Streams Coming Together1990's video in Vancouver and beyond
All of my videos--except Friday--were made in the 1990’s, when I was living in Vancouver. My first, Lest I Burn, was made in 1991. Vancouver of the time was brimming with activism against racism, homophobia, gender inequality, and numerous other social injustices, and many artists, particularly those of colour, First Nations/ Indigenous artists, and others who were systemically disenfranchised, were making art that paired with these activities.
Arts organizations were actively being called out for the exclusion of the various minoritised groups in their programming. Many were listening and trying to implement changes to reflect a new awareness.
At the beginning of the 90s I was still a full time visual artist, painting mostly, and hadn’t yet been published. Once my first novel, Cereus Blooms at Night, was published, it would tear me away from the visual arts. But in the 90s a dream of mine came true because a member of one of these arts organizations was definitely listening.
Lest I Burn was the result of a confluence of a number of different streams coming together. My favourite neighbourhood in the 90s for coffee was Commercial Drive in the East End, where there were several Italian and Portuguese coffee bars, filled with groups of men standing and drinking espressos around the tv watching football, but frequented also by openly out and about lesbians, who took up the appropriate space at the sidewalk tables, braving the stares. A strange mix--but it turns out we, too, had a thing for good coffee, and there was always a kind of mutual tolerance. Until in 1991 two women at Joe’s Café, a popular hang out with women, kissed--some say it was a peck in greeting, some say it was over the top necking, etc.--and were thrown out of the café and hosed down by an outraged Joe. Kiss-ins and protests on the Drive would for a short while follow. That’s one stream.
Another was a mix of Vancouver-based artists who made it their mission to support artists like me. Video artist Lorna Boschman and performance artist Persimmon Blackbridge were actively listening to what people of colour were saying about lack of access to art making resources and exhibiting venues. Lorna was a Video In (VIVO, today) member and Persimmon had connections with Press Gang publishing. The two of them set out to befriend and support my art making and what was just scribblings at the time. Persimmon introduced my writing to Press Gang, which encouraged me to write and published my first book Out on Main Street, followed by my first novel, Cereus Blooms at Night.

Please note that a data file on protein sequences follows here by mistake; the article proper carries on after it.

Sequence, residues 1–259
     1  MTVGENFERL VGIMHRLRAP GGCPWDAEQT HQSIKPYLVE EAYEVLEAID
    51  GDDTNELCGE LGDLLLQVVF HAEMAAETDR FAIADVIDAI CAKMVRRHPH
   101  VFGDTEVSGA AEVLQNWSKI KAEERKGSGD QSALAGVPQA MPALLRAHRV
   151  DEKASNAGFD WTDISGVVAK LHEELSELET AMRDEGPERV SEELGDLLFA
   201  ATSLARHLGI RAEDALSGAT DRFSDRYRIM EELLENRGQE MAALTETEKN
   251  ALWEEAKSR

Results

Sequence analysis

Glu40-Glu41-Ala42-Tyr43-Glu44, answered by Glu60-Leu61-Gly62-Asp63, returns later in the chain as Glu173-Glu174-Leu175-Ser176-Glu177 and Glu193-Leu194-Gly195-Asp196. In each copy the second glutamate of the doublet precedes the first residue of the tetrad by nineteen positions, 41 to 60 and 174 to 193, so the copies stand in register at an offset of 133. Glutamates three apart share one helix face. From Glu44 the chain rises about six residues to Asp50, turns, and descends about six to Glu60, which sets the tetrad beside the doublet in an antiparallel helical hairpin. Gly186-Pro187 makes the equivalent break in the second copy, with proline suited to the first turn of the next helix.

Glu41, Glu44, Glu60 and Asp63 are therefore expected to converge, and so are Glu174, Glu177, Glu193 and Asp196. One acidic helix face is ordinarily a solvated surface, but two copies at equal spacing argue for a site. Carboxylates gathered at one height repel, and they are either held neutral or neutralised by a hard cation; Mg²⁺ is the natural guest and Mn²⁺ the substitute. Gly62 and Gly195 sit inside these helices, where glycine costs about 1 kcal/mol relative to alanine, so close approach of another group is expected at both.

Paul Wong was there, too, at the heart of various kinds of activisms and a founding member of Video In. Paul didn’t show his hand in getting me involved in video making, but I knew he had his eyes on my activities and on the support Video In would give me. I would watch how he was able to make tapes that were aesthetically edgy with ground-breaking artistic integrity, and at the same time had political and activist undertones. I learned from him and his work that you didn’t have to give up art for politics, or vice versa. This understanding has since underlain all my creative work.
And then there was me, a coffee-loving activist and artist who wrote things that resembled poems, was very much wanting to make videos, and was being befriended by Lorna Boschman. Lorna kept telling me to go shoot something, she’d help me edit it. So full of trepidation- for brown dykes with video cameras, taking up space on the sidewalk, and directing participants, were not common, then-- I nevertheless went onto Commercial Drive, inspired to ‘fight back’ against the discrimination shown the women at Joes’ and the general undertone of discomfort from certain retailers and shop owners with lesbians on the Drive.
I began with Lorna’s shooting guidance to videotape, and to write in earnest a poem about the neighbourhood, about braving the hurtful stares that came my way, about wanting to exercise my right to love whom and as I wished, and finding camaraderie amongst other lesbians. It was a video about the determination to prevail. I had footage and a poem, but no access to editing facilities, or skills. No idea how to move from there, and no money to do so.